A step forward in the understanding of N-linked protein glycosylation was achieved by the discovery of a general protein glycosylation system in the bacterium Campylobacter jejuni. The research team of Dr. Aebi transferred the biosynthetic pathway from Campylobacter into the model system Escherichia coli and described this N-glycosylation pathway at a molecular level. Most importantly, it was shown that the eukaryotic and the bacterial N-glycosylation are homologous processes, making it possible to decipher the molecular mechanisms of N-linked protein glycosylation in the bacterial system. This achievement also made possible the development of a bacterial expression system capable of producing recombinant human-type glycoproteins. This outstanding research work culminated in the publication of the structure of the bacterial oligosaccharyltransferase and the formulation of a reaction mechanism for the N-glycosylation process (in collaboration with the group of Kaspar Locher, ETH Zurich).

Dr. Aebi has the remarkable ability to integrate the outcome of his research in a broad biological context. Along this line, the description of fungal galectins has been related to the defense mechanisms of fungi against predation or the description of endoplasmic reticulum-associated protein degradation has been interpreted in the context of membrane homeostasis and cell viability. In addition to being an outstanding scientist, Dr. Aebi is an enthusiastic teacher and mentor and greatly contributed to the visibility of glycobiology by promoting junior researchers in the field.

For his seminal contributions to the field of glycobiology, both in high impact research in defining the mechanisms of protein glycosylation and quality control as well as carbohydrate-based defense mechanisms in fungi, Markus Aebi represents the very best in the field and thus has been awarded the 2013 Karl Meyer award from the Society for Glycobiology.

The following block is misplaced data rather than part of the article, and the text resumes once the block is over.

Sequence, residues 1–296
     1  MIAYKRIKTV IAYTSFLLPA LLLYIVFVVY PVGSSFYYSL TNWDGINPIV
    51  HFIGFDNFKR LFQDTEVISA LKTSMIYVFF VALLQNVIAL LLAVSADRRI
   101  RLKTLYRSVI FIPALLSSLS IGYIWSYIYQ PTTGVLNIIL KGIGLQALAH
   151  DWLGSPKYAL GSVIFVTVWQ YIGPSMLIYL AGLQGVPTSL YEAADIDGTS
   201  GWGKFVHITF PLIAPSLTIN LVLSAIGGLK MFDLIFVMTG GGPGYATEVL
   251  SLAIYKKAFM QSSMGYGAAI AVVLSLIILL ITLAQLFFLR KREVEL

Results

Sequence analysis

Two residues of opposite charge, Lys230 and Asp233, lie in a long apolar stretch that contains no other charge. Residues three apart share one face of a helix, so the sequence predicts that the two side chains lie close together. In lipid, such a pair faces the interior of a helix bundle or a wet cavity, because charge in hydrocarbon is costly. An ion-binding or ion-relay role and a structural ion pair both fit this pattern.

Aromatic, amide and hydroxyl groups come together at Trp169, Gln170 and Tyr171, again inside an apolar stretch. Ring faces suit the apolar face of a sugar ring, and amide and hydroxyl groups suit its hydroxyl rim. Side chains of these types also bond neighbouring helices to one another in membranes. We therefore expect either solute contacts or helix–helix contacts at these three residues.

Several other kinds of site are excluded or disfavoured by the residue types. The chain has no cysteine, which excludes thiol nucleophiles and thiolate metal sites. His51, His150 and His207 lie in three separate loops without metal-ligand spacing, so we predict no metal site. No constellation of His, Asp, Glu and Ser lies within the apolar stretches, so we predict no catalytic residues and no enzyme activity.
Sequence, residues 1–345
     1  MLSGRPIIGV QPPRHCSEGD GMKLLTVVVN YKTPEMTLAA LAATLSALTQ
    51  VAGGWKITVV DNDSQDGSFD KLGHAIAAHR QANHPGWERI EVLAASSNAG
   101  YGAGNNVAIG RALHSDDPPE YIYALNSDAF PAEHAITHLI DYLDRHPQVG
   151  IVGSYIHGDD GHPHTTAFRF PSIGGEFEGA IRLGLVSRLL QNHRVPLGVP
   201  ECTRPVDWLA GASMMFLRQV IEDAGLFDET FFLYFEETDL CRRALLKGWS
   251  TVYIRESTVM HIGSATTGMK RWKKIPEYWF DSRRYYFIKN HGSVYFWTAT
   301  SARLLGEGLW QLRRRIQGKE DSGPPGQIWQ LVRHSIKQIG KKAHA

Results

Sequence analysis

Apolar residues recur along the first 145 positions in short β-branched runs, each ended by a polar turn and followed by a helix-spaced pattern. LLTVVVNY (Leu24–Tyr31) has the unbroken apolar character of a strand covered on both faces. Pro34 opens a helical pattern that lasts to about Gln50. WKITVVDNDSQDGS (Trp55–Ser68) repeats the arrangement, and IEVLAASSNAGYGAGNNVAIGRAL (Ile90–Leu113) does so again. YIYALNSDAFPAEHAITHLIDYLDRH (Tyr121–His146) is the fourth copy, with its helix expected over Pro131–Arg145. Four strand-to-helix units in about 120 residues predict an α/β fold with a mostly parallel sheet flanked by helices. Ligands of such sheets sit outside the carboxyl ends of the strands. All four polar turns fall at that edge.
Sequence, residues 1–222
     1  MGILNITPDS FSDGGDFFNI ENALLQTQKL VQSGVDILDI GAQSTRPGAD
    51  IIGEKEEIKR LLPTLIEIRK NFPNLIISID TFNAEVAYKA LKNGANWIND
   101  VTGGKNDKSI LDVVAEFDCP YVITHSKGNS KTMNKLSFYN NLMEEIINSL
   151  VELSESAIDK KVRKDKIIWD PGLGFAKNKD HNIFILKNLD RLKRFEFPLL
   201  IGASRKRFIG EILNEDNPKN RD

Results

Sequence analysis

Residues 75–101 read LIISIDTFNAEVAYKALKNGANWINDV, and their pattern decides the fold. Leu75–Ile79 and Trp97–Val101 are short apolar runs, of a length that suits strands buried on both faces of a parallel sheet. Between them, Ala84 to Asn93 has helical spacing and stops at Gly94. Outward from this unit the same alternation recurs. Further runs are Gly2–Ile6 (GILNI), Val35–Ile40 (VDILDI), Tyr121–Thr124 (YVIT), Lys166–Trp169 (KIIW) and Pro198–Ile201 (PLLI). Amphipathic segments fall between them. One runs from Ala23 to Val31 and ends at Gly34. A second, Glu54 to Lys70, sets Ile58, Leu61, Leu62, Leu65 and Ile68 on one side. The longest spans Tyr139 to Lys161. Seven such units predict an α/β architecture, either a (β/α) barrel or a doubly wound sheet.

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Dr Carlos Hirschberg (Professor, Department of Molecular and Cell Biology, Boston University Goldman School of Dental Medicine) has made many seminal contributions to the glycobiology and biochemistry of glycan synthesis as well as sugar precursor transport for more than four decades. Carlos Hirschberg received the professional degree of "Biochemist" from the University of Chile in 1965, followed by a combined Master's degree in Nutrition and Biochemistry from Rutgers University in 1966.  That year he enrolled at the University of Illinois at Urbana-Champaign for doctoral training. He was awarded his Ph.D. in Chemistry in 1970, working with Professors H.E. Carter and G.J. Schroepfer on sphingolipids. This was followed by postdoctoral training at Harvard University Medical School from 1970 to 1972 with E.P. Kennedy, and then at the Massachusetts Institute of Technology from 1972 to 1974 with P.W. Robbins. In hindsight Carlos Hirschberg´s training in these laboratories, dealing with problems in lipid synthesis, nucleotide enzymology, and glycobiology, set the stage for the work to come as an independent scientist, beginning as an Assistant Professor of Biochemistry at St. Louis University School of Medicine in 1974. Hirschberg's productivity rapidly led to academic advancements, as well as appointments in the Department of Biochemistry and Molecular Biology at the University of Massachusetts Medical Center from 1987 to 1998, and then the Boston University Goldman School of Dental Medicine, where he organized the Department of Molecular and Cell Biology and currently holds the title of Professor and was Founding Chair from 1998 until 2011.